4 Writing Tricks That Immediately Set Your Web Copy Apart From the Crowd
The thing about web content is that no matter how great your writing is – it’ll always be ignored if it isn’t optimized properly.
Note how I wrote optimized instead of formatted.
Formatting your content for the web is so 2012. It’s no longer enough to write short sentences, use sub-headings, bullets, lists etc. It’s gotten a bit more complicated and requires a little more effort to stand out in the web content crowd.
Below are four writing tricks that have the power to immediately set your web copy apart from the crowd.
1. Telling stories
Who doesn’t love a good story?
A gripping tale catches the attention of readers and makes them care.
Whether you’re writing for a blog or for a corporation, everyone has a story to tell. Find a way to relate your story to your audience.
For every piece of online content you create, follow this simple procedure:
Entertain -> Engage -> Educate
Mess with the above order and you’re going to lose your audience. Nobody is going to listen to you if you don’t engage them. And they won’t be engaged with your content unless you entertain them.
Perhaps the best example of online storytelling is Brian Clark’s Copyblogger post The Snowboard, The Subdural Hematoma, And the Secret of Life:
Even after almost six years, this story has the power to put you on the edge of your seat.
Of course, no one can write such moving stories all the time – nobody’s life is that happening.
Instead, find a happy medium. Instead of life threatening scenarios, draw inspiration from everyday life. Maybe you overheard something at your local Starbucks, or someone left a comment online that made an impression. Maybe you saw an ant trek around a rock rather that over it or a child overcoming his fear of water.
Lessons and stories are everywhere. You just need to find a way connection.
Just a tip: Always start your story from the middle or the climax – whichever comes first.
The hero hanging off a mountain edge is a lot more interesting than the hero starting to climb one.
2. Opening with a short sentence
Now I know conventional web writing advice already says you need to write short sentences. However, there’s one trick that makes the most use of this advice and that’s opening with a short sentence.
They can vary in length but generally, the shorter the better.
They’re unexpected, easy to read and if left in a paragraph of their own have the power to grab the reader by the throat.
Seven to ten word sentences are great. Five word ones are even better. But do you know what really packs a punch? Three word sentences.
Here’s one by Pamela Wilson of Big Brand Systems:
Look, I know it’s tough.
You want to create a recognizable brand for your business. But you don’t have:
Darren Rowse of Problogger uses the same technique:
Do you have an inner critic? That little voice in your head that whispers in your ear as you write… chipping away at your confidence…
Then there’s Danny Iny who’s made this technique his signature:
- So you’ve got a brand-spanking new blog.
- A lot of entrepreneurs have a problem with marketing.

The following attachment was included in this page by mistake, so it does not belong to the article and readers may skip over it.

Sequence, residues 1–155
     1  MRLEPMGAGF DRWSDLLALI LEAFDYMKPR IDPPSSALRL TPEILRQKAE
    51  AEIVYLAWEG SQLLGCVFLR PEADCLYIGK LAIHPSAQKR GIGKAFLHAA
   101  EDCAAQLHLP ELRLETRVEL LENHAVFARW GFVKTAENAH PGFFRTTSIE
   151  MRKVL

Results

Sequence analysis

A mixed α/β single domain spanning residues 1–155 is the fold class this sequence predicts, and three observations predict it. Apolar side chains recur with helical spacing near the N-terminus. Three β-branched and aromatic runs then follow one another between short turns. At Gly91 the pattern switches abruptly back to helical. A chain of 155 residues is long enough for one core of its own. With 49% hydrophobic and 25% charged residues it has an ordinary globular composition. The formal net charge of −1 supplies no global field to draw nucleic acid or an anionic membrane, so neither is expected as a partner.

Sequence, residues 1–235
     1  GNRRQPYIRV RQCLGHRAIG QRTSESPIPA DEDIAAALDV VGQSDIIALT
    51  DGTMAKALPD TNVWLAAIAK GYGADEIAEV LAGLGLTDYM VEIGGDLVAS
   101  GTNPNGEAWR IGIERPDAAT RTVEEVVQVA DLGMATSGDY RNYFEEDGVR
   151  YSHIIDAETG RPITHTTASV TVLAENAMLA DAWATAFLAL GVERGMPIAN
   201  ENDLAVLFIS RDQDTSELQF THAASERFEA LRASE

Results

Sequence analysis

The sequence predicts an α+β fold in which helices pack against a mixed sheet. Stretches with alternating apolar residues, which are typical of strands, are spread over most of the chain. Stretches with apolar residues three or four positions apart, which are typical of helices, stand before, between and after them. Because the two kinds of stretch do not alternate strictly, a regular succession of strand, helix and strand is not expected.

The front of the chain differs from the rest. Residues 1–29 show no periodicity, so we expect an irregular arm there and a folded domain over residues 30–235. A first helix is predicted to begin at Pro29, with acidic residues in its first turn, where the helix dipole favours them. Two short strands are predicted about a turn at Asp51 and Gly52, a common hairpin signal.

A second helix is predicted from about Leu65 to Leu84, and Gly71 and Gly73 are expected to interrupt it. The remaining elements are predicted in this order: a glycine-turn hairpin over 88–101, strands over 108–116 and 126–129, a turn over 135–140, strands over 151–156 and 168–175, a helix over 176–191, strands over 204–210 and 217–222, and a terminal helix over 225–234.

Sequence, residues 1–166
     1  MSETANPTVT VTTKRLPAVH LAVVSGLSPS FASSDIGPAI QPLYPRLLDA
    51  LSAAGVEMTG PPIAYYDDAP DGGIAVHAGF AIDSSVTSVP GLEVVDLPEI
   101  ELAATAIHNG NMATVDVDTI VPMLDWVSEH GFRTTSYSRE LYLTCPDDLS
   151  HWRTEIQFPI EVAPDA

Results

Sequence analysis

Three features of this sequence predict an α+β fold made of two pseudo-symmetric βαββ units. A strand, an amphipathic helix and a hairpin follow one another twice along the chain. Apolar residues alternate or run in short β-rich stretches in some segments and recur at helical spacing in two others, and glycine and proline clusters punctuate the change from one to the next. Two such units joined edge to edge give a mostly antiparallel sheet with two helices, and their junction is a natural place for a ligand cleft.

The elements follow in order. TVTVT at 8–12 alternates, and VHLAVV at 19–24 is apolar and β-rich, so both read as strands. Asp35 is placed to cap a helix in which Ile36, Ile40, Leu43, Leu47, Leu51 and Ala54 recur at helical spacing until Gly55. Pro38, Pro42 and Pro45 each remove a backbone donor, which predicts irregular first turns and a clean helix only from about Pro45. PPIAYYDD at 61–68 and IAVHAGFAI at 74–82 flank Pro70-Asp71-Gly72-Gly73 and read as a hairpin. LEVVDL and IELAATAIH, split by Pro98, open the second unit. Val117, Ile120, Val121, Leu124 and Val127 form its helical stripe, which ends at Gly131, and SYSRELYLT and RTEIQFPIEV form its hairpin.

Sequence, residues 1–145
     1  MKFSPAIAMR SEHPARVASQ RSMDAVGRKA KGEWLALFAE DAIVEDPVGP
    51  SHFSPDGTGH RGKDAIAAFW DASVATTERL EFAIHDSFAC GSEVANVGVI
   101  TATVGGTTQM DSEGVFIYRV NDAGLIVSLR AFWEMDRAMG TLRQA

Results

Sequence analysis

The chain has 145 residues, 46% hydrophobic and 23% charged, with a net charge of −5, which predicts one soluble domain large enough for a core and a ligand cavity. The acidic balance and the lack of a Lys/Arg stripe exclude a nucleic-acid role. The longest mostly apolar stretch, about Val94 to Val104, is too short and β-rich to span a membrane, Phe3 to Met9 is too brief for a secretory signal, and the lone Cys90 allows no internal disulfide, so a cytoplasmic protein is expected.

- Writing is a noble pursuit.
The above are examples from the guest posts he’s written. Take a look at any of his posts on Firepole Marketing and you’ll see that he almost always starts with a single sentence paragraph.
This one simple trick can set you apart from the crowd – and that’s all you need in this badly optimized world of web content.
3. Using soundbites
I learned this trick from Henneke Duistermaat of Enchanting Marketing. She’s a big believer in making concepts bite sized.
To quote Henneke:
A soundbite communicates the core of your idea.
You weed out irrelevant details and exceptions. You strip out cumbersome trains of thought. You force yourself to prioritize and find just the one sentence that’s the essence of your blog post. If your readers would remember one thing, then this would be it.
A sound bite is anything that can be said in a small sentence.
The last sentence is a perfect example of a soundbite.
Granted, this isn’t an easy trick to learn. It takes a lot of practice. But if you can strip your message down to one short sentence and give it rhythm, you’re well on your way to writing killer content.
4. Injecting personality
I can almost hear you groan. Injecting personality into writing has to be one of the toughest (and vaguest) tasks ever.
When I think of personality filled writing, I always think of Ash Ambridge.
Ash embodies everything I could ever hope to achieve as a writer in terms of personality. Pick any one of her posts and you can tell she’s fearless, outspoken, and even confrontational. She’s a force of nature.
Here’s an example from her post Get Yourself Some Enemies:
As outlandish as some of her writing is, it’s also very genuine. You can hear her talk to you when you read her blog. You can imagine her saying every single word she’s written.
She personifies the age old “write like you talk” adage.
But instead of being intimidated by her personality (and her writing by extension), learn from her.
Get out of your comfort zone a little. Record yourself having a conversation. Play it back and make note of any terms or phrases you use a lot. How long or short are your sentences? Do you run off on a tangent or do you stick close to the topic at hand?
Once you’ve picked up on all your little idiosyncrasies, style your writing accordingly. Granted, the first few times will be hard but with a little effort, you’ll be a pro in no time.
Writing Well and Standing Out in a Crowd
Both of these things are extremely hard to do. There’s just so much content out there!
But it’s not impossible. With a little effort (Okay, a lot) you can do it.
The good news is that if you achieve one, you automatically get the other.
So what’s it gonna be?
Learning new writing tricks and attracting the attention you want? Or comfortably swimming in the sea of mediocrity with no results?
The choice is yours.